I’ll keep working at it
Today we pray in offering for greater unity.
I don’t think it was ever mentioned, but it was there, all right
So what is there to say about the influence my own Ignatian formation had on me? Well, to be honest, it wasn’t something that was ever emphasised when I was a pupil at St Aloysius’ College in Glasgow between 1967-1973. In fact, I don’t think it was ever mentioned.
But it was there, all right. When I attended a Shared Vision conference at Campion Hall in Oxford run by Fr Adrian Porter SJ three years ago, I felt a bit of a fraud, because after 35 years’ teaching back at St Aloysius’ College I really should have been confident in my own knowledge of what was to be discussed … and I wasn’t. However, the three days I spent there were three of the most reassuring I’ve had in my soon-to-end 38-year career in Jesuit education.
Action is far more important than talking
What I realised was that action is far more important than talking, and that I’d probably been implementing that undefined programme of Ignatian formation which stretched back to the late Sixties throughout my adult life. Why? Because some of the Jesuits and lay teachers who had been on staff at St Aloysius’ College, first as my teachers and later as my colleagues, had set excellent examples through the way they treated those under their care. The new boy who didn’t know anyone was befriended; the boy who showed talent in sport was encouraged; the boy who displayed leadership qualities was given responsibility. That boy was me. And when Fr Pedro Arrupe visited Glasgow in 1970, everything started falling into place.
Teaching by example
I think I have a reputation for being considerate and patient and I’m sure that has its roots in my time at school. When I went to university to study Modern Languages I knew that I wanted to travel, but also to teach, so where better to work than St Aloysius’ College in Glasgow? As I’ve grown older, the principles of treating others with dignity, learning about how others live and having an open mind have become more important to me and I’ve tried to make sure that they’ve underpinned the way I’ve lived my life, not just in school but wherever I’ve been. Teaching by example is far more effective than teaching a lesson – I just hope that I’ve been able to live up to the Jesuits and others who were my mentors.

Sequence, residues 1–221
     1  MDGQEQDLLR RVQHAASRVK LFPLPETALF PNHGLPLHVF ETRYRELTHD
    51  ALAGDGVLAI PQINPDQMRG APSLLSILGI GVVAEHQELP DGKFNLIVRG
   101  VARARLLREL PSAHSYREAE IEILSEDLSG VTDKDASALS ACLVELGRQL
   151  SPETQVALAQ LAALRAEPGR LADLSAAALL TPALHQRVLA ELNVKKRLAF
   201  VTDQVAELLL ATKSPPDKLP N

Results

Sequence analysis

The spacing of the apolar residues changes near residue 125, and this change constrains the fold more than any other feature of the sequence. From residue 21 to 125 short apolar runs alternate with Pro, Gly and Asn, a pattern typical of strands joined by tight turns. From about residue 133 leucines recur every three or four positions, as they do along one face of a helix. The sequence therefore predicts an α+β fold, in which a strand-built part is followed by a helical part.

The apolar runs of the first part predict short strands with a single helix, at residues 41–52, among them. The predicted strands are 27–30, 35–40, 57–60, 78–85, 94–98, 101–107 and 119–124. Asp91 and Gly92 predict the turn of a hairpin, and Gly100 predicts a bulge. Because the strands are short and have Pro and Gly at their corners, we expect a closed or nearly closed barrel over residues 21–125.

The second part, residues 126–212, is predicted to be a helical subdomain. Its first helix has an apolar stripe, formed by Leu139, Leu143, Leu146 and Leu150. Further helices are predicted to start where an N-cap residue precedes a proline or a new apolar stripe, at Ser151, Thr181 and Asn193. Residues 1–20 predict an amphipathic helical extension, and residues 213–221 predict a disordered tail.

And if you’re a former pupil of mine who’s reading this and thinking that I failed, I hope you can exercise some charity and forgive me for what I got wrong. I’ll keep working at it.
That’s something else I learned from the Jesuits!
“From as early as the Junior School I remember writing AMDG, ‘For the greater glory of God’, at the top of my work. It reminds us that, although our school work is there to help us develop as individuals, it is still so important to always do our best for the greater good and for the glory of God.” Honor Mcwilliams
For a deeper look at formation at St Aloysius' College Glasgow, have a read of this.
Shared Vision is a programme of formation for teachers and support staff who work in Jesuits schools. Shared Vision 3 took place at Campion Hall, Oxford in June. Peter O'Sullivan SJ wrote a report. Read the report>>